Nicholas Barberis

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We examine how the evidence of predictability in asset returns a ects optimal portfolio choice for investors with long horizons. Particular attention is paid to estimation risk, or uncertainty about the true values of model parameters. We nd that even after incorporating parameter uncertainty, there is enough predictability in returns to make investors(More)
We study asset prices in an economy where investors derive direct utility not only from consumption but also from uctuations in the value of their Žnancial wealth. They are loss averse over these uctuations, and the degree of loss aversion depends on their prior investment performance. We Žnd that our framework can help explain the high mean, excess(More)
  • Rafael La Porta, Florencio Lopez-de-Silanes, +4 authors Simon A Johnson
  • 1999
Recent research on corporate governance has documented large differences between countries in ownership concentration in publicly traded firms, in the breadth and depth of financial markets, and in the access of firms to external finance. We suggest that there is a common element to the explanations of these differences, namely how well investors, both(More)
We use a simple model to outline the conditions under which corporate investment is sensitive to nonfundamental movements in stock prices. The key prediction is that stock prices have a stronger impact on the investment of “equity-dependent” firms—firms that need external equity to finance marginal investments. Using an index of equity dependence based on(More)
One of the most striking portfolio puzzles is the “disposition effect”: the tendency of individuals to sell stocks in their portfolios that have risen in value since purchase, rather than fallen in value. Perhaps the most prominent explanation for this puzzle is based on prospect theory. Despite its prominence, this explanation has received little formal(More)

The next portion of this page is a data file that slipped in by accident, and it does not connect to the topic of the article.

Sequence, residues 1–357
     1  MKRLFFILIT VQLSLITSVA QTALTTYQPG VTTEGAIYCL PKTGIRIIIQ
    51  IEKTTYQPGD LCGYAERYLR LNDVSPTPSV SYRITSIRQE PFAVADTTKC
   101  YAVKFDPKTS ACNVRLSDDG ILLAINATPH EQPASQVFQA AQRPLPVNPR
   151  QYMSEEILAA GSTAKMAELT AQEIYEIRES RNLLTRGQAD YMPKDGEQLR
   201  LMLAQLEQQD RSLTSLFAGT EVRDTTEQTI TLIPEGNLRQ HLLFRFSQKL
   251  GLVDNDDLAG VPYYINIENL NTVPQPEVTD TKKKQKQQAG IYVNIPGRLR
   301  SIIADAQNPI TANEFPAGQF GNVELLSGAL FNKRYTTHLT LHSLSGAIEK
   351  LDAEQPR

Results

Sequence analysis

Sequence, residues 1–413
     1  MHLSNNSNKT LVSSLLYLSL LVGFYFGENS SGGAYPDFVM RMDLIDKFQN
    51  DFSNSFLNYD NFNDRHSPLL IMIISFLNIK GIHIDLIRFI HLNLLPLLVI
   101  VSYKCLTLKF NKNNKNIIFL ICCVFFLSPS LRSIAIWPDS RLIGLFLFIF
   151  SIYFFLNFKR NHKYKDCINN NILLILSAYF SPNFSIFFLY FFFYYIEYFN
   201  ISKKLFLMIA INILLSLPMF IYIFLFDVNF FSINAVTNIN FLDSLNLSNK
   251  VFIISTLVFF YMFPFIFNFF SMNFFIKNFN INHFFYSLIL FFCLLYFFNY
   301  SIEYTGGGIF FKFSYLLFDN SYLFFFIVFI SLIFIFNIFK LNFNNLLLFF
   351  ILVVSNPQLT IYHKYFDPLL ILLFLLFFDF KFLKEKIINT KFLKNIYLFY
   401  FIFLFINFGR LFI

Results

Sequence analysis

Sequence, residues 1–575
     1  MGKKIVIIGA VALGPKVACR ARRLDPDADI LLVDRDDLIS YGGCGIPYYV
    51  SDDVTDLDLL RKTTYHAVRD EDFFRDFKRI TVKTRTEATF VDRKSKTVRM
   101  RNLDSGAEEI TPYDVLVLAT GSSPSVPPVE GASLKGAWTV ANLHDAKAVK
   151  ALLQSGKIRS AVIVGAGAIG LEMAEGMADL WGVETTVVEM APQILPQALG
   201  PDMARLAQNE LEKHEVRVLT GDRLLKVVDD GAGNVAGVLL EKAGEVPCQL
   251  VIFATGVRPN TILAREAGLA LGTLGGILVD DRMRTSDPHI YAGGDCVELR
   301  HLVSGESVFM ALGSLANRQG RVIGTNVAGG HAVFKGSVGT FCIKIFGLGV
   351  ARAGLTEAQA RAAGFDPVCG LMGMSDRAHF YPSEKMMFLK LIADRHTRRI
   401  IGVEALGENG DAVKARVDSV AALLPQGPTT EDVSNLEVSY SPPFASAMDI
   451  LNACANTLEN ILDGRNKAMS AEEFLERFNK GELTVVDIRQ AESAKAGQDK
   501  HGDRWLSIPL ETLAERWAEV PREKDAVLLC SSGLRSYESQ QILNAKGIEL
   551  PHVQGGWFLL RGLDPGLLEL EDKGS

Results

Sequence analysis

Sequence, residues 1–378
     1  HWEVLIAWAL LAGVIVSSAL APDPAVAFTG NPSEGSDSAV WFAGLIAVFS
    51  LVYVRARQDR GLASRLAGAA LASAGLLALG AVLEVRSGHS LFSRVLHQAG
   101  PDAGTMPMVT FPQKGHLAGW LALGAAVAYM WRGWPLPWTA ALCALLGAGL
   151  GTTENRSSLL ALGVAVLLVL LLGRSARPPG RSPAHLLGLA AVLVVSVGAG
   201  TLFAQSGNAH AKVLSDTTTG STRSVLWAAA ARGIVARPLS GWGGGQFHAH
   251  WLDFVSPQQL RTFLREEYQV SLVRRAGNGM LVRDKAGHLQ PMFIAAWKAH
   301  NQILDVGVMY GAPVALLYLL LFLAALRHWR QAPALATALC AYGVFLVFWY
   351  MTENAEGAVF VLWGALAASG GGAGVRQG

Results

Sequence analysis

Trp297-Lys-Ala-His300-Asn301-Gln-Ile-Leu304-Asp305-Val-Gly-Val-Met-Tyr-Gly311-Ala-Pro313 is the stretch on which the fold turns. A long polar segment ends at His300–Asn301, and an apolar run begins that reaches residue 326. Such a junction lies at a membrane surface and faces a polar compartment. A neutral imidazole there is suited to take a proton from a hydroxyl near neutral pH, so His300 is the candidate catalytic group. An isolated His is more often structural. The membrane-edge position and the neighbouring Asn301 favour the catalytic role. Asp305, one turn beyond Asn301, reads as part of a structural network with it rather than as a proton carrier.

We present a theory of excess stock market volatility, in which market movements are due to trades by very large institutional investors in relatively illiquid markets. Such trades generate significant spikes in returns and volume, even in the absence of important news about fundamentals. We derive the optimal trading behavior of these investors, which(More)
We study asset prices in an economy where some investors categorize risky assets into different styles and move funds among these styles depending on their relative performance. In our economy, assets in the same style comove too much, assets in different styles comove too little, and reclassifying an asset into a new style raises its correlation with that(More)
We argue that “narrow framing,” whereby an agent who is offered a new gamble evaluates that gamble in isolation, may be a more important feature of decisionmaking than previously realized. Our starting point is the evidence that people are often averse to a small, independent gamble, even when the gamble is actuarially favorable. We find that a surprisingly(More)
In this paper, we extend the mean-variance portfolio model where expected returns are obtained using maximum likelihood estimation to explicitly account for uncertainty about the estimated expected returns. In contrast to the Bayesian approach to estimation error, where there is only a single prior and the investor is neutral to uncertainty, we allow for(More)